Too big for your house?
Believe it or not, this mighty Hook & Hastings organ was built for a residence in Washington DC. It must have been rough on the neighbors, because this is a full-scale powerful instrument, more than ample for a very large building. The original slider chests are operated by electro-pneumatic actions.
Converted to electro-pneumatic by Lewis & Hitchcock, Inc., Opus 116, 1924.
The 1924 work was to convert the console from tubular-tracker to electro-pneumatic, and to add electro-pneumatic primary actions in place of the tubular primaries. The console already had a combination action, so primaries were added to fire that, and contacts on the pistons and toe studs. Then a set of EP switches was added in the base, for all the couplers and unit pedal stops. The console was also moved to the far end of the room, under the musicians gallery, and the base of the case was converted into bookshelves with doors, storage cabinets.
The manual and straight pedal windchests are all slider, with original pneumatics to move the sliders, and original pneumatics to pull the pallets; the only addition is an electro-magnet rail firing an electro-pneumatic primary action to dump the original pneumatics. The unit pedal chests are original, with magnet rails added.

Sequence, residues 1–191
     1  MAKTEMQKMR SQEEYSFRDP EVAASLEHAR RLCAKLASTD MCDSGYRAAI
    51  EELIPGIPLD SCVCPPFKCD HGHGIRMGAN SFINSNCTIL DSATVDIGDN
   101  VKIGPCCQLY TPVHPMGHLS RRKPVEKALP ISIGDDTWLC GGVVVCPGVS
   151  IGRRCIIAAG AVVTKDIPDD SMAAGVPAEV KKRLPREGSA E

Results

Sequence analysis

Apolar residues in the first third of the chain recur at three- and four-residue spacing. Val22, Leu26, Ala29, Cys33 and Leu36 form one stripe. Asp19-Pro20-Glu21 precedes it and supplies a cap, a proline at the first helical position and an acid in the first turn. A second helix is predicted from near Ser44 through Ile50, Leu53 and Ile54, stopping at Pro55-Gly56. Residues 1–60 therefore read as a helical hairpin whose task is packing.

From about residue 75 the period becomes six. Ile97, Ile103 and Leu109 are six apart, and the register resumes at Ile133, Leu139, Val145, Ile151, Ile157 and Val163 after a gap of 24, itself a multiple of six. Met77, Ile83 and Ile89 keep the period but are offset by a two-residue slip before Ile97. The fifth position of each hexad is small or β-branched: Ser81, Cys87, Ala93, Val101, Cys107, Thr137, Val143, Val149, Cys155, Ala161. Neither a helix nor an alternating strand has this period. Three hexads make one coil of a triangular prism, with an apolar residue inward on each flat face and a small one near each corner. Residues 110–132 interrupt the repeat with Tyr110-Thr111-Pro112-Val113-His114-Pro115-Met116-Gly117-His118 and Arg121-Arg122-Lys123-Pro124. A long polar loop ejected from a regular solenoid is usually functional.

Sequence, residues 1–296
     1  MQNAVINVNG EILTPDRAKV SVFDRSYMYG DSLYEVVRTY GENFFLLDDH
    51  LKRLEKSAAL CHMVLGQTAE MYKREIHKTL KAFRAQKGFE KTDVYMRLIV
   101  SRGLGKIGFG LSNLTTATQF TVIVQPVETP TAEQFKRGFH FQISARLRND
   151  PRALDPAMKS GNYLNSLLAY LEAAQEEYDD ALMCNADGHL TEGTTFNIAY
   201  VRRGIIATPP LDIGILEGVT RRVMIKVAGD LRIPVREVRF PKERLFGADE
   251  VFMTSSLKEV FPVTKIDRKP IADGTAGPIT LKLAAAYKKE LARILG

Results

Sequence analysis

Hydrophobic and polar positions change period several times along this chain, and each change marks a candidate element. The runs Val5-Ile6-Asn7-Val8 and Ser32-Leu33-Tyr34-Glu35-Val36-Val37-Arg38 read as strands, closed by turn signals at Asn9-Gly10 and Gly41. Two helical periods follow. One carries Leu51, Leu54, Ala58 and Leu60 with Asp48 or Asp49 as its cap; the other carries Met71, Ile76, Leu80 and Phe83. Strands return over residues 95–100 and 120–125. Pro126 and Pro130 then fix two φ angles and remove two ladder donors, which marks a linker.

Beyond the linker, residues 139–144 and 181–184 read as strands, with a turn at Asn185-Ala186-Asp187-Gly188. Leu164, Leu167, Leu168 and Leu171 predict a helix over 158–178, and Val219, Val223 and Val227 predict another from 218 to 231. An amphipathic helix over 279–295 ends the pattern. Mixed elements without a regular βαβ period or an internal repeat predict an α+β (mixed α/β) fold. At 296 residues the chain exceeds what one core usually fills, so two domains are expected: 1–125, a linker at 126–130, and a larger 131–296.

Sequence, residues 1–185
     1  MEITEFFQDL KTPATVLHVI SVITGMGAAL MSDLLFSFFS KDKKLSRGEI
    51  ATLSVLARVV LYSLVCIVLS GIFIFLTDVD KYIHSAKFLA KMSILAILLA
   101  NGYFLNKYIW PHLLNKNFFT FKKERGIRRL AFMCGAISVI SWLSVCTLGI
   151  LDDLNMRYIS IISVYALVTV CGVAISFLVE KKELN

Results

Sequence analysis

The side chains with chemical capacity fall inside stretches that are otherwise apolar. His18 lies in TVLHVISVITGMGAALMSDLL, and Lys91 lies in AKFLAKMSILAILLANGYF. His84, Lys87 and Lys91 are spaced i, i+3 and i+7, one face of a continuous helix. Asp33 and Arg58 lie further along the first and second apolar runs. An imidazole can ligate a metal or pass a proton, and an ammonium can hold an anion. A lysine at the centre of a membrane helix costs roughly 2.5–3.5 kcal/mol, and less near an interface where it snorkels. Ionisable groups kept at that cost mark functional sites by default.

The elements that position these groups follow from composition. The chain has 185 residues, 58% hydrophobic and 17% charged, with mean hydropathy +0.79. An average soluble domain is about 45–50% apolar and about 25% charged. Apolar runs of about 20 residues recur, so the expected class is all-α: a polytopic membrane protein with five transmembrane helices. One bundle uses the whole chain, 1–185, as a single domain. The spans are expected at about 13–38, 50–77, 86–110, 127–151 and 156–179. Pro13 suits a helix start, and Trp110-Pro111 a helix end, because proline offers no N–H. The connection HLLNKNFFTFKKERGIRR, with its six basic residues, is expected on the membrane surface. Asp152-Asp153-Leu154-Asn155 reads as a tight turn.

(Note: The 32 Bourdon is on the left side, the 16 Diapason is on the right side, each on unit chests. The three straight pedal stops are on slider chests. There is a bass chest of 12 notes on the right side, and a treble chest of 18 notes on the left side. Screwed to the side of the Choir box on the left side is the treble extension pipes of the Bourdon and Bass Flute, some tubed over from the big chest, some on unit chests.)
There are treadles for all the combinations, plus Gt/Ped and SFZ, a total of 18.